In PMQ in the House of Commons, a kind of warrior mentality is fostered by the opposing rows of seats in the antiquated House of Commons chamber. Like a student debate. Who can be the wittiest combatant in the arena rather than having a sensible inquiry into what will work best. Theresa May and Jeremy Corbyn try to score points over each other with accusations and answers which are at best selective truths. May quotes rising employment figures; Corbyn counters with low pay, insecurity and poor employment conditions. The same is true of much of the media. An accusation is made; it is contradicted by the other side. Claims about the amount of money pumped into the NHS avoid the fundamental issue that it has insufficient resources and needs radical reform. More nurses and midwives are leaving than joining the profession . Medical students are shipped in to help in the NHS crisis. 2.8 BN school funding cuts risk educational outcomes . School heads are asking parents to contribute more and more money. In both cases staff are worn out and frustrated by changes imposed on them without their involvement – a basic leadership failure. Many dedicated people quit as a result.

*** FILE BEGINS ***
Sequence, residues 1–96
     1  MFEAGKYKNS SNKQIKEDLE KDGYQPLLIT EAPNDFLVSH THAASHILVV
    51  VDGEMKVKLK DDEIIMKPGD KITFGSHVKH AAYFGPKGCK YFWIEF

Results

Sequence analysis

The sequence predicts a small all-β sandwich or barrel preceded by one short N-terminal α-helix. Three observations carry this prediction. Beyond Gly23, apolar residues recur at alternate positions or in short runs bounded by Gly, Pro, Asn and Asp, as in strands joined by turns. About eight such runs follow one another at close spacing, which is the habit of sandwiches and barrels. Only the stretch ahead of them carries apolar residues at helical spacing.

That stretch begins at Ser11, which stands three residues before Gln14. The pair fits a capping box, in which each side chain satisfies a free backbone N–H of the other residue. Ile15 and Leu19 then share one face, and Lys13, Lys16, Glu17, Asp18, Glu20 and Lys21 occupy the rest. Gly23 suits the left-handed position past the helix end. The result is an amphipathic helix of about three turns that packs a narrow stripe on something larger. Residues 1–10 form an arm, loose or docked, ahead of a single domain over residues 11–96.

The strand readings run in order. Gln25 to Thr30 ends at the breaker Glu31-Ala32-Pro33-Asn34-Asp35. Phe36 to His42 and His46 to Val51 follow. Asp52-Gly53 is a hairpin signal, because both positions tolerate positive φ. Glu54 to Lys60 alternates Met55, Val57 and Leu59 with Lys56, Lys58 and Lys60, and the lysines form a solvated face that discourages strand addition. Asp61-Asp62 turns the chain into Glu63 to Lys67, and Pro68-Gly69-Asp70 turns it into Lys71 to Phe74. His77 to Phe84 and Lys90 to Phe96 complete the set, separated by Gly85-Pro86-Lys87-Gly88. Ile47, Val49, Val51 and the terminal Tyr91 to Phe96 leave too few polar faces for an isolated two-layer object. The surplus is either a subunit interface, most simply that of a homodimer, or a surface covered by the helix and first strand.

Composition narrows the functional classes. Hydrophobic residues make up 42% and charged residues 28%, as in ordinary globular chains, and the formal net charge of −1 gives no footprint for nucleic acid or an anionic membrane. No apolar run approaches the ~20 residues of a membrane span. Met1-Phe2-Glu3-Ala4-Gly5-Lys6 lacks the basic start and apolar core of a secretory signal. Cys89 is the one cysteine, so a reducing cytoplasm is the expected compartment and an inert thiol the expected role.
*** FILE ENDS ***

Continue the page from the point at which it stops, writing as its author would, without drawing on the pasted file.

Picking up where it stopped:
We learn by making mistakes. How refreshing it would be if Tony Blair said “I apologise for the appalling consequences of the Iraq war but I have learned”. He would earn great respect. Gordon Brown did well in handling the aftermath of the 2008 global financial crisis but he might well say, “I made a mistake when I continued to use PFI contracts (a way of avoiding borrowing appearing on government books and outsourcing services). The Carillion collapse has precipitated a complete rethink about outsourcing. Amongst the devastating consequences of ideological policies are record levels of child poverty and homelessness .


George Osborne (recently appointed Hon Professor of Economics at Manchester University!) has a lot to answer for. His illiterate Austerity policy, including a public sector pay freeze, reduced staffing of public services, delayed economic recovery, put people out of work, reducing tax take, resulted in the decaying infrastructure and continues to damage almost every aspect of British society. It failed to cut the deficit . His support for the Northern Powerhouse is admirable. However much needed investment in rail infrastructure in the North (rather than HS2) on which this depends, need not be delayed if Peoples QE or Sovereign Money is used instead of borrowing. Botched implementation of Ian Duncan Smith’s Universal Credit has had and continues to have dire consequences for vulnerable people. Instead of ideological strategies, governments need the advice of expert bodies such as IPPR , Rowntree Foundation, Resolution, Sutton Trust and New Economics Foundation, Kings Fund, Royal College of Nurses.